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Lewes, Delaware
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May 10, 2005     Cape Gazette
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May 10, 2005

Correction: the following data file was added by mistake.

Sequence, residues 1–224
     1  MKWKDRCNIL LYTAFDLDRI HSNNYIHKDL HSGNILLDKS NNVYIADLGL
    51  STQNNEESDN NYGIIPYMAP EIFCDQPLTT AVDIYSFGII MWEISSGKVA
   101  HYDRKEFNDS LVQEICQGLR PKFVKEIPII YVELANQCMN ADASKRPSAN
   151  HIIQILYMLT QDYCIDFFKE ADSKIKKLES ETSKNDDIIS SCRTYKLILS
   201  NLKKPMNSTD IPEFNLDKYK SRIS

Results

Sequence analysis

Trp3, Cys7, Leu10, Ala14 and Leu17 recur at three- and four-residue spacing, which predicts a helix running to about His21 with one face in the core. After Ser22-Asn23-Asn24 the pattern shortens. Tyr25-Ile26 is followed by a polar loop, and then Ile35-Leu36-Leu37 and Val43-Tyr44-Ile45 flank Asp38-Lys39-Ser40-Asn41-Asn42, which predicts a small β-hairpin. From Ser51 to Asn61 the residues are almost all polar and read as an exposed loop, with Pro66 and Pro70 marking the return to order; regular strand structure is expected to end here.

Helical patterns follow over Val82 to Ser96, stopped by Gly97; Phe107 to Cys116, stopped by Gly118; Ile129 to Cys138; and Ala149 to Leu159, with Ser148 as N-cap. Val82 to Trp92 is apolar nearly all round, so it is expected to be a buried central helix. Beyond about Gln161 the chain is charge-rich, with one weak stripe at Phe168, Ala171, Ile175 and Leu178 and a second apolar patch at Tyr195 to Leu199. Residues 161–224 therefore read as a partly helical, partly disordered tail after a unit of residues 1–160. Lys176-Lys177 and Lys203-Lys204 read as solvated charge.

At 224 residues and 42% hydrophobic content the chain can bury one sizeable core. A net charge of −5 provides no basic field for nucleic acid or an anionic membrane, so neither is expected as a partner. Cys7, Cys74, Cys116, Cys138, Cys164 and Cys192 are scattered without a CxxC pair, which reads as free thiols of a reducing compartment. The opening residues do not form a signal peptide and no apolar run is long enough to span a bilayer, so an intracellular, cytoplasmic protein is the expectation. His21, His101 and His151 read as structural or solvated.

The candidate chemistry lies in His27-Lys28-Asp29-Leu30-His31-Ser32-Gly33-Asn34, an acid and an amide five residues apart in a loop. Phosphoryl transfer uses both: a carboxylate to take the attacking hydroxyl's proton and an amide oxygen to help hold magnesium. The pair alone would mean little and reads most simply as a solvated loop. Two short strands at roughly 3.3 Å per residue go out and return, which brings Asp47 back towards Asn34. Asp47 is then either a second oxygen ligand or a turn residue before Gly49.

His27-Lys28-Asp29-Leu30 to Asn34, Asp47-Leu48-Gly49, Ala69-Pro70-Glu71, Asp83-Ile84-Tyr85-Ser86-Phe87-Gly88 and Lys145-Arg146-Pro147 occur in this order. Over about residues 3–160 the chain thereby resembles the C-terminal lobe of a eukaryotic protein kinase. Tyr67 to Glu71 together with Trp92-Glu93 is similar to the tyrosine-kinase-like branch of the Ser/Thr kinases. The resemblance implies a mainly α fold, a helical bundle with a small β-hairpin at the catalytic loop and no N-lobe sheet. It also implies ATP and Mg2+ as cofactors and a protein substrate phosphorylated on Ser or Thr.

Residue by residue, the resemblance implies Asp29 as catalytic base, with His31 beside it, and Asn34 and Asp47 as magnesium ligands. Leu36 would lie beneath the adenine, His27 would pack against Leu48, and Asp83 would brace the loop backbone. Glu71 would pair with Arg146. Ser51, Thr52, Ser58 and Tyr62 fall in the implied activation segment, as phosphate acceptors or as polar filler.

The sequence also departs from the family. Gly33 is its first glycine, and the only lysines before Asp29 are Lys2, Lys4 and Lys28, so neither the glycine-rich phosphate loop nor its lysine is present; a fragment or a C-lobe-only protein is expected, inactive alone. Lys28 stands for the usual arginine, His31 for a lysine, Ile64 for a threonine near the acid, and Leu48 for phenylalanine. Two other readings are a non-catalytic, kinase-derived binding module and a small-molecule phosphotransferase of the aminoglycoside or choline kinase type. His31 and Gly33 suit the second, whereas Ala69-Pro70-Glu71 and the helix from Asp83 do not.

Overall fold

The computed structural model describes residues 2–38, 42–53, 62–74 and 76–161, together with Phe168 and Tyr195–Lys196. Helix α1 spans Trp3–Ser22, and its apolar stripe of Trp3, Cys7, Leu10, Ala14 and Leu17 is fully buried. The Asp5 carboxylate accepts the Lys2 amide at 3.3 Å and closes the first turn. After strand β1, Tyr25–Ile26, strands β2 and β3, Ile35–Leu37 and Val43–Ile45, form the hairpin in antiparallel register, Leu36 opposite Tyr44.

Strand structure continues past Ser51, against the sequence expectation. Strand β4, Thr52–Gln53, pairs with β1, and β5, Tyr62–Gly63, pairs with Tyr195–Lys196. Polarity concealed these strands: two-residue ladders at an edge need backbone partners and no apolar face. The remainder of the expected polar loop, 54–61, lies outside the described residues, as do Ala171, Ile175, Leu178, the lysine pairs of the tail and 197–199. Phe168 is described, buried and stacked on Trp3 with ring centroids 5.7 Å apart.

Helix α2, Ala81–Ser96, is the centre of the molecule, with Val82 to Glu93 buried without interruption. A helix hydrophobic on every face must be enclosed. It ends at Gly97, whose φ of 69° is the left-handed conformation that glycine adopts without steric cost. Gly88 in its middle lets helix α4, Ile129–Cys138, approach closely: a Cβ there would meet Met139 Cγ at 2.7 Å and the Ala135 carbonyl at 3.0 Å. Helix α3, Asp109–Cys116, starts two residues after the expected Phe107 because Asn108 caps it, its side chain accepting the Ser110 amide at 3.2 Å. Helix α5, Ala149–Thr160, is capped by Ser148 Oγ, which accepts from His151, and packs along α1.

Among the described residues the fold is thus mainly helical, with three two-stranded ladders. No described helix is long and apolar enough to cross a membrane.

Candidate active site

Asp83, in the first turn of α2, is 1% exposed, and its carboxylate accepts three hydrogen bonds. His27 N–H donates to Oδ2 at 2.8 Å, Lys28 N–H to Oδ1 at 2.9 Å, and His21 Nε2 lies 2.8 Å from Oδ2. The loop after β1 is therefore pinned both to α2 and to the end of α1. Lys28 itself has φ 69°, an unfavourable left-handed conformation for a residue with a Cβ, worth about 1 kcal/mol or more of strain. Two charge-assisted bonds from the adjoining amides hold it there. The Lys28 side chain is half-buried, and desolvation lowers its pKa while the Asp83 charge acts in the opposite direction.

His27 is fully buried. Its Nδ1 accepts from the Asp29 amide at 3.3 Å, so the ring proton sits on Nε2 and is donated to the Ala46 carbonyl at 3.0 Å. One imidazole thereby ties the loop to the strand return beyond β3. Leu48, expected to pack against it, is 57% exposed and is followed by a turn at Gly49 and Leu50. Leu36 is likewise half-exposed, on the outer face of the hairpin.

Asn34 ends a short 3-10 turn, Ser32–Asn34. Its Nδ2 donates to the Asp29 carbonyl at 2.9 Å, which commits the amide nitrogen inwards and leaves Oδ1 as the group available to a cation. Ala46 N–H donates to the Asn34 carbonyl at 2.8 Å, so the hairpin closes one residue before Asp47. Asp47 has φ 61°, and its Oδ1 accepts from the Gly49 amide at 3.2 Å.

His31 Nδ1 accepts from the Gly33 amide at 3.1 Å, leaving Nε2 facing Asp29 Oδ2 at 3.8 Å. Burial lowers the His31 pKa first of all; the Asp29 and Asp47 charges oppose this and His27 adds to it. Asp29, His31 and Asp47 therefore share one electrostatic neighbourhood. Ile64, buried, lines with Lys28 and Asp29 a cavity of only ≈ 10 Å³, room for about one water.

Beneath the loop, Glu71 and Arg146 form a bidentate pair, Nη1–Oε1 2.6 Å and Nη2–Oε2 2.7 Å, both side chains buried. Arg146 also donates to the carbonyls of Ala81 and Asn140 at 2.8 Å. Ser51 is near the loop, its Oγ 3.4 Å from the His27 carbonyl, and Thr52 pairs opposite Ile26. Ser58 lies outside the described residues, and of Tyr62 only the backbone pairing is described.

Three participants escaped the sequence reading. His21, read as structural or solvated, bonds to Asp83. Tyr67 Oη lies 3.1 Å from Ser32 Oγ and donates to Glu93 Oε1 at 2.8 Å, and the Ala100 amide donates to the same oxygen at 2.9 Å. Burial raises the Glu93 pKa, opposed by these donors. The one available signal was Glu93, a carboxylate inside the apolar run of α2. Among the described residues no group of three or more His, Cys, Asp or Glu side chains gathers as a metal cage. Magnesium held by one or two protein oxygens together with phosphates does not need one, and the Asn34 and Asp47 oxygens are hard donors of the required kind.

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14 - CAPE GAZETTE, Tuesday, May 10 - May 12, 2005 CAP E LIFE Take a tour of the Harbor of Refuge Lighthouse May 14 The Delaware River & Bay Lighthouse Foundation (DRBLHF) invites residents and visitors to walk in the steps of the keeper by taking a tour of the offshore Harbor of Refuge Lighthouse Saturday, May 14. The tour is the first opportunity to visit the lighthouse in 2005. Lighthouse enthusiasts will climb the 67 steps of the light's spiral staircase echoing the footsteps of the keepers from the past. During their hour-long visit to the light, participants will learn where the keepers ate their meals, how they coped with horrific Atlantic storms and, of course, what it was like to tend the light high atop in the lantern room each night. In addition, visitors will have the opportunity to learn about the stone breakwaters and enjoy the spectacular views of Cape Henlopen and Lewes Harbor. This tour will depart at 10 a.m. from the Finger Pier at the Cape May-Lewes Ferry Terminal in Lewes. Tickets are $50 per person or $45 for children under 18. Children must be at least 46 inches tall. Tickets are limited to 24 people per tour; reservations are recommended and can be made by contacting the Delaware River & Bay Lighthouse Foundation at 644-7046. Proceeds from the tour will help benefit the DRBLHF's ongoing restoration and preservation of the Harbor of Refuge Lighthouse and the Delaware Breakwater East End Lighthouse. For more information or the complete schedule of 2005 tours to the Harbor of Refuge Lighthouse and the Delaware East End Lighthouse, call the DRBLHF office or visit the foundation's website at www.delawarebay- lights.org. Submitted photo Reservations are now being accepted to tour of the offshore Harbor of Refuge Lighthouse Saturday, May 14. This will be the first opportunity to visit the Hghthouse in 2005. Adopt a Family sets baby drive through May Kent/Sussex Adopt-A-Family will hold its second annual Used Household & Baby Item Collection Drive each Saturday in May. The drop off days and loca- tions include Saturday, May 14, Williams State Service Center on Route 13 and River Road across from Winner Ford; and Saturday, May 28 and throughout the year at the Kent/Sussex Adopt-A- Family office at the Milford State Service Center Annex, located at 13 S.W. Front Street, Suite 103, behind the Second Hand Prose Bookstore on the corner of Walnut and Front streets. Donations are tax-deductible and will be used to help families overcome crisis and work toward providing stable homes for their children. Donations of used kitchen, bathroom, bedroom, baby room and general household items are needed all year long to help area families living in poverty who have experienced an unforeseen financial crisis. New items are always appreciated. Continued on page 15 Salt00vater Portrait Student rides 60-foot rouge wave home to Hawaii By Karl Chalabala Straughn Gorman duct-taped his television tight and secured the belongings in his ship cabin before he went to bed. A Cape Henlopen High School graduate, Gorman was traveling abroad as part of the Semester at Sea program. After leaving Vancouver, the 561-foot ship he was on, the M.V. Explorer, encoun- tered a fierce North Pacific storm. Gorman and almost 700 other students had not been above deck ill over a week and the scene was not pret- ty. "We were not allowed out," he said. "We rocked so hard water came up to the third and fourth over the portholes. People were sleeping in the hallways because the beds kept coming off the walls. Some people were throw- ing up in the hallways. You couldn't walk in a straight line. GORMAN We didn't really realize how bad it was, but afterwards the crew said it was the worst storm they had ever been in." After locking his stuff down, Gorman and his room- mate climbed into their beds and tried to get some rest while the wind and waves lashed at the ship. "All of sudden the wall became the ceiling and everything came flying at us," Gorman said. A 60-foot rogue wave had struck the boat. It broke the bridge window and destroyed all the navigation equipment and knocked out three of the ship's four engines. "The captain came on, almost crying, and told everyone to put on ow" )ffejackets and head to the lifeboats," Gorman said. "We saw him grab a compass from a lifeboat. The girls were crying. They were calling for the women and the children to come to the Continued on page 15 Straughn Gorman photos Straughn Gorman traveled around the world with the Semester at Sea program this year. A 60-foot rogue wave struck the ship and it almost needed to be evacuated. After the ship and program recuperated, Gorman saw many idyllic scenes from around the world, including this ride down the Mekong Delta in Vietnam.